Sunday Observer Online


Sunday, 31 May 2009





Marriage Proposals
Government Gazette

Sir Baron Jayatilake:

A beacon of light

My Mahappa Sir Baron Jayatilaka was a statesman and a scholar and at the same time he was a very simple man who led a very ordinary life. Born at Waragoda, Kelaniya, he was the eldest son of Liyanarachige Don Daniel Jayatilaka and Dona Elisiyana Weerasinghe. He had two younger brothers, Muhandiram Don Simon Jayatilake who had 5 children and my father Mudaliyar Don Abraham Jayatilaka. He had a sister older to him, but she died young. My father being the youngest in the family inherited the house where my Mahappa, Sir Baron spent his childhood. I am happy and proud to own it now being the only child in my family. My grandfather was a landed proprietor and he with the Weerasinghe's of Waragoda and the Fernando's of Wanawasala were responsible for the establishment of the Vidyalankara Pirivena. When Mahappa was six years old he read his first letters at the feet of the Most Venerable Ratmalane Sri Dharmaloka Maha Nayaka Thera. Thereafter he was sent to the local Baptist school at Waragoda, where he learnt English and other subjects through the medium of English. At the same time he went to the Pirivena and learnt Buddhism, Pali and Sanskrit. He mastered all these languages so quickly that the Most Venerable Nayaka Thera was deeply impressed by his ability to do so. After some time he left the Baptist School and was admitted to Wesley College. There too he was a shining student and carried away all the prizes.

There is something very important and interesting which my father related to me a long time ago. When my grandmother was expecting Mahappa she had a wonderful dream. In her dream she had carried her eldest daughter and gone to the rear door of our house. This door leads to the garden and she saw that the moon was shining bright.

All off a sudden the moon started coming down towards her. As she was carrying her daughter on her right arm she held her left hand to the moon. But the moon went up. Then she took the child to her left arm and held the right hand and the moon came and rested on her right palm.

Heart and soul

She got such a shock that she woke up quite disturbed as it was an unusual dream and besides she was expecting a baby too. She immediately told my grandfather about her dream and he went early morning to the Vidyalankara Pirivena and narrated the dream to the Most Ven. Dharmaloka Thera who was very clever at sorting out dreams. The Most Ven. Thera told my grandfather not to worry that he will be blessed with a baby boy who will be a shining light to Sri Lanka. True to his words Mahappa excelled in his studies here and at the age of 22 he got his B.A. at the Calcutta University. He was an active Buddhist worker. He did everything he could to promote Buddhism here and abroad. He was in the forefront of the temperance movement. In 1915 he was arrested and imprisoned by the British Government along with other Buddhist leaders. Their cause was taken to the Privy Council by E. W. Perera and after a lot of hard work they were released. Although he visited several foreign countries he never forgot the fact that he was a Sinhalese and a Buddhist.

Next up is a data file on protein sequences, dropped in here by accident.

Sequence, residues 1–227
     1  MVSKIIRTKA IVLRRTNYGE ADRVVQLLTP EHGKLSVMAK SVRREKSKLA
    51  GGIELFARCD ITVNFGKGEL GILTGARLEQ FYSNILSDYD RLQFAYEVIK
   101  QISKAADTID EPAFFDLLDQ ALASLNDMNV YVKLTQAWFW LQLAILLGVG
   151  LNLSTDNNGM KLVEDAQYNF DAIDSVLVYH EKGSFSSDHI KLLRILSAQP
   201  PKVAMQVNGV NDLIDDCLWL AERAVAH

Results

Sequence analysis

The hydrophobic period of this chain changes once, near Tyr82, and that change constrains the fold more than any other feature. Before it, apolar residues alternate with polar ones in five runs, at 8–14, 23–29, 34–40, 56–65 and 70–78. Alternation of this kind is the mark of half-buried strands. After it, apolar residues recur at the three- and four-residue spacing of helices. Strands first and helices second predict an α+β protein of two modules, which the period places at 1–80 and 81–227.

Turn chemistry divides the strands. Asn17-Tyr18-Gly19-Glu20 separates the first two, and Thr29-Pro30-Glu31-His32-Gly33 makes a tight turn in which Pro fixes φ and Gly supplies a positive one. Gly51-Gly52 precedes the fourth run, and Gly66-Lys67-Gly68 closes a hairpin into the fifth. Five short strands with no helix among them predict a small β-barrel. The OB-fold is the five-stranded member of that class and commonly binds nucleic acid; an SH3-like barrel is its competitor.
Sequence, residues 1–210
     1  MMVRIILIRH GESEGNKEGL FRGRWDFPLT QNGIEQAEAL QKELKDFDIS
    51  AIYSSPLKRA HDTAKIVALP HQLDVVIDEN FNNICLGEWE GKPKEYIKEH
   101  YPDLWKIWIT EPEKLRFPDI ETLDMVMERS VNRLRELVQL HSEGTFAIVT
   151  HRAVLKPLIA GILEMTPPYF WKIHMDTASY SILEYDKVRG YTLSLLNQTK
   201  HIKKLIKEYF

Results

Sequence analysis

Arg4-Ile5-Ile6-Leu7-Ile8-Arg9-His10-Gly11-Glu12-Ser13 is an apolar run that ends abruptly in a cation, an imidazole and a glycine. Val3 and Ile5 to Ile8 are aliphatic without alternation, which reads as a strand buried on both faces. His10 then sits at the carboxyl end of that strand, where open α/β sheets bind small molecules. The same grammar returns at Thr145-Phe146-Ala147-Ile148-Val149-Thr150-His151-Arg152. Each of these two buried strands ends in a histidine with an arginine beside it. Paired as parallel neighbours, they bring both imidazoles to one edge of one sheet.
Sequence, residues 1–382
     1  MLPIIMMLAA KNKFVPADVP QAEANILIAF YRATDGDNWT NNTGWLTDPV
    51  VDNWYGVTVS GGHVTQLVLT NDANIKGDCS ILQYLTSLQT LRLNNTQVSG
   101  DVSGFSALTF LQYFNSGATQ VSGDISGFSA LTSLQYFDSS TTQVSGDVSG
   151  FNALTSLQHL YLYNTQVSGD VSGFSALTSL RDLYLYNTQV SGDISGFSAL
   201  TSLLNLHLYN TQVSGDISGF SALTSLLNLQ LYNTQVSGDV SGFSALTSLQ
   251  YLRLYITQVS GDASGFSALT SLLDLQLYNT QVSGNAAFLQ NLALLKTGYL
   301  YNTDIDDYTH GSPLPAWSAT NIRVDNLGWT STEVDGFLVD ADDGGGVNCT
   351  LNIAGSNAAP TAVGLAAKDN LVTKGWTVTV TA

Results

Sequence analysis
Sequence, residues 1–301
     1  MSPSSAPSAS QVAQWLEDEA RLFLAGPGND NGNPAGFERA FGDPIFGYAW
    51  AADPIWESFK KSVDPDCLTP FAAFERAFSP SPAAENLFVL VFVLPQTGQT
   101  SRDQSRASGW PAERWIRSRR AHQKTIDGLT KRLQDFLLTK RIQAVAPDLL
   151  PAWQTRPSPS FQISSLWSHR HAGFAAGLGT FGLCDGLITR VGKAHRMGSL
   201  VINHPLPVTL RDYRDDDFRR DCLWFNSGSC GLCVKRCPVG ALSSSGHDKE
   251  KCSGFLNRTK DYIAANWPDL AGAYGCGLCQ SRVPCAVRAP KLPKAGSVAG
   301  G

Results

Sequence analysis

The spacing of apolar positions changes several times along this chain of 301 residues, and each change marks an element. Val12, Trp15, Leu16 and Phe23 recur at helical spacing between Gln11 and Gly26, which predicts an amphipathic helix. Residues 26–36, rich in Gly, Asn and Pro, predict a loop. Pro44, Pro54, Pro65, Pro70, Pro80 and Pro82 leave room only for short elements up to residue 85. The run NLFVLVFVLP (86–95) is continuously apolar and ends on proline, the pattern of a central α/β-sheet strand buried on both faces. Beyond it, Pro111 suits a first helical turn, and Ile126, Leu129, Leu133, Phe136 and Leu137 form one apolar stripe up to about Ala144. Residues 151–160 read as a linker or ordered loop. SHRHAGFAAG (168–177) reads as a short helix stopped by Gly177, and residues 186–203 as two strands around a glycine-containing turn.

In 1898 the Young Men's Buddhist Association was started in a small building at Maradana. Later he purchased the land at Borella. It was a big struggle for him to find the money as the Association had hardly any funds. Mr. F. R. Senanayake helped him to buy the land. He was the first President of the Y. M. B. A. and held that position till he died. The Vidyalankara Pirivena and the Y. M. B. A. were his heart and soul. Later he entered the Ceylon Lagislative Council and was the member for Kelaniya. His seat was always uncontested. He was the Minister for Home Affairs and he became the Leader of the State Council, and held that position till he resigned and went to India as Ambassador for Sri Lanka.